Recent events in our country have me wondering, "What is my role as an artist in this particular time period?" I wonder if there is something more "useful" I could be doing. Should I be taking a more active role in politics? Should I listen to news while I am painting in order to be better informed? Should, should, should...
I received an encouraging letter from Director Anita Walker of the Massachusetts Cultural Council, a state agency that allocates funds for the arts in my state. This past year I received a $2,000 grant for my art from the Mass. Cultural Council. Their funding comes from the National Endowment for the Arts, which many know is now under threat under the new administration. I worry that grants like the one I received may go away under a new President and administration. But I come back to this encouragement.
Anita Walker's letter of 1/11/17 asked, "What is the role of artists in American politics? Do they have a place? How do they best serve our nation? As a new President prepares to take office, the voice of the artist is being heard. It is not just the artists with name and fame, such as Meryl Streep at the Golden Globes, that are in the headlines, but also the artists who contribute their individual identities and talent to the ensemble, where harmony and not division is required. From the cast of "Hamilton" and the Rockettes to the Mormon Tabernacle Choir, individual artists in these organizations have become symbols of a country divided."
Ms. Walker went on to cite President John F. Kennedy's affirmation of "the arts and the artist as significant in the life of a nation... in fact, central, a test of the quality of our institutions..." She included an excerpt of a speech he gave at Amherst College, October 26, 1963 to honor the New England poet Robert Frost.
JFK: "If sometimes our great artists have been the most critical of our society, it is because their sensitivity and their concern for justice, which must motivate any true artist, makes him (/her) aware that our Nation falls short of its highest potential. I see little of more importance to the future of our country and our civilization than full recognition of the place of the artists. If art is to nourish the roots of our culture, society must set the artist free to follow his (/her) vision wherever it takes him (/her). We must never forget that art is not a form of propaganda; it is a form of truth... In free society art is not a weapon and it does not belong to the spheres of polemic and ideaology. Artists are not engineers of the soul." (the inclusion of the feminine pronouns is my addition)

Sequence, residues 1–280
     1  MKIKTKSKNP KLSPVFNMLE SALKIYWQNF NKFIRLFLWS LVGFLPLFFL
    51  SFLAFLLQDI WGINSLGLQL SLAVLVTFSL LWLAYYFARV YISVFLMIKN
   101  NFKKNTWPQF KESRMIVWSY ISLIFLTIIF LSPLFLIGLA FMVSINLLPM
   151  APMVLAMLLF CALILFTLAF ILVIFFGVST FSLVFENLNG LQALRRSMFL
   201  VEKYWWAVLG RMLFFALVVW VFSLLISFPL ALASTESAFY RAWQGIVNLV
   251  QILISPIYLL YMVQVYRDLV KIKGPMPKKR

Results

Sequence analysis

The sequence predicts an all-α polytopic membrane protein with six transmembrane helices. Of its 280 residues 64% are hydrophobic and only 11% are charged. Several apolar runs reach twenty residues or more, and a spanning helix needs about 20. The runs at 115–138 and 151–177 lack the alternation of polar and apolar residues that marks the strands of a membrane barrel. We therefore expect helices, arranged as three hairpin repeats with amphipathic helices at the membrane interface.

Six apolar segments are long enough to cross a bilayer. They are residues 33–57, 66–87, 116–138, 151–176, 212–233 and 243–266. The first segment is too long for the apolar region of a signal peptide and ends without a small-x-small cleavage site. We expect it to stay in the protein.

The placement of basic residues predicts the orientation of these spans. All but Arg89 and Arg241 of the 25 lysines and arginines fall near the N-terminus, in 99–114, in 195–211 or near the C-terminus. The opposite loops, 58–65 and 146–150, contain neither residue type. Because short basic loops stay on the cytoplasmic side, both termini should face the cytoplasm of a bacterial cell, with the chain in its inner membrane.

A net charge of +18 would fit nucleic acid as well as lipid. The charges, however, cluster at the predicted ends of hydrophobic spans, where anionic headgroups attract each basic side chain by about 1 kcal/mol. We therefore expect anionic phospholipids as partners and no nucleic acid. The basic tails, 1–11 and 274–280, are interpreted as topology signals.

Wow... "little of more importance to the future?" That addresses my question of usefulness pretty directly, but in a surprising way. I appreciate deeply the idea that artists are to be 'set free' to follow our own vision. I also resonate with Kennedy's assertion that art is a form of truth. With all the rhetoric of 'fake news' and 'alternative truths,' we can begin to get even more jaded and disillusioned - what is truth? I share JFK's belief that art should not be used as propaganda or a weapon. Art has been used that way, and continues to be, in communism, advertising, portraiture, photography, Nazism... my take-away then, is that we artists must be careful to not get caught in a trap of being "useful" to an agenda. We can think about truth and vision, using our "sensitivity and concern for justice" in order to "nourish the roots of our culture," as JFK affirms and asserts.